Specific objectives

The specific objective is the desired future status that is expected to be achieved within the project:

  • it addresses the main problem and should be defined as sustainable benefits for the target groups.
  • is a description of the short-term effects that will result from the achievement of the project results.
  • determines the specific intentions of a program or project.
  • successful achievement of the specific objective will in the future contribute to the achievement of the main objective.
  • represents precisely defined intentions that are maximally quantitatively and qualitatively defined.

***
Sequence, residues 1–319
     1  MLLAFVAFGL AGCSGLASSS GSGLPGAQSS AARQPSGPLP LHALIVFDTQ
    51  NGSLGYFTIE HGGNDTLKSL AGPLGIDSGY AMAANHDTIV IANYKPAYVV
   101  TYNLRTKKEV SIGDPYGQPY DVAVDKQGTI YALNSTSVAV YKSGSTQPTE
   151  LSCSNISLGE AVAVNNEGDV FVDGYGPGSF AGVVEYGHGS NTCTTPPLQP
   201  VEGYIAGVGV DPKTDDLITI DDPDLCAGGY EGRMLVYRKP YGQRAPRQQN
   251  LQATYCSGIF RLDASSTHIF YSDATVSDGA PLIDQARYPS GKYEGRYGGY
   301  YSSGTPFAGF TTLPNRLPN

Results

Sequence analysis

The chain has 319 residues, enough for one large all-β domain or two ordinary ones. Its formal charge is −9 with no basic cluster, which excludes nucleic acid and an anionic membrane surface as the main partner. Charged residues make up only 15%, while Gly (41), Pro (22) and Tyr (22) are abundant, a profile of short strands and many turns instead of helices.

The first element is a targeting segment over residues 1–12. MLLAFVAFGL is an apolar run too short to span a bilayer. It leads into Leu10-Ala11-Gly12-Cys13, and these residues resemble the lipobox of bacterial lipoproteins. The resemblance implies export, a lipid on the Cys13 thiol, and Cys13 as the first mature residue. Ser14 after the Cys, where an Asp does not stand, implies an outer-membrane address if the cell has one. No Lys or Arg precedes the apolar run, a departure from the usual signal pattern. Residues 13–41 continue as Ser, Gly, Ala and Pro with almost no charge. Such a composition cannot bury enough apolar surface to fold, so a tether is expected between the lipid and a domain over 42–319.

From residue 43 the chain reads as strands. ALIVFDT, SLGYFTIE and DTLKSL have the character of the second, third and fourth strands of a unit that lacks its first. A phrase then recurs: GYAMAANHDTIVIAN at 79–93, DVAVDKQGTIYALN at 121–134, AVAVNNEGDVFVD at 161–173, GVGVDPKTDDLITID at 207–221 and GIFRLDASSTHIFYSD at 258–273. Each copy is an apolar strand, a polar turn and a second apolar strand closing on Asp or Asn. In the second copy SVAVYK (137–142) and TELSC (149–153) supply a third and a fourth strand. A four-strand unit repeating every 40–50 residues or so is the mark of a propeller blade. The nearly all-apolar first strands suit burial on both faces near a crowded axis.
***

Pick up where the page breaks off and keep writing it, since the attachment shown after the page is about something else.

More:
• it is related to the main purpose, it is specific, not general, and defines WHAT, HOW MANY, WHEN and WHERE to be done.

Objective requirements

SMART test

Specific
Measurable
Achievable
Relevant
Timed

Purpose of the specific purpose of the project

Make clear the desired changes
Indicate the magnitude of the changes
To determine the direction of development
Its progress can be quantified
Implementing it to help achieve the main goal
Determine the achievement of at least one major outcome
Be understandable, realistic and achievable
Be mobilizing and stimulating
Be specific and contain accurate and valid information
Determine what and when will be done, not why and how
Comply with laws and policies
Be consistent with available and expected resources
Reflect on the timing of the changes
Provide a basis for evaluation after project completion

Target audience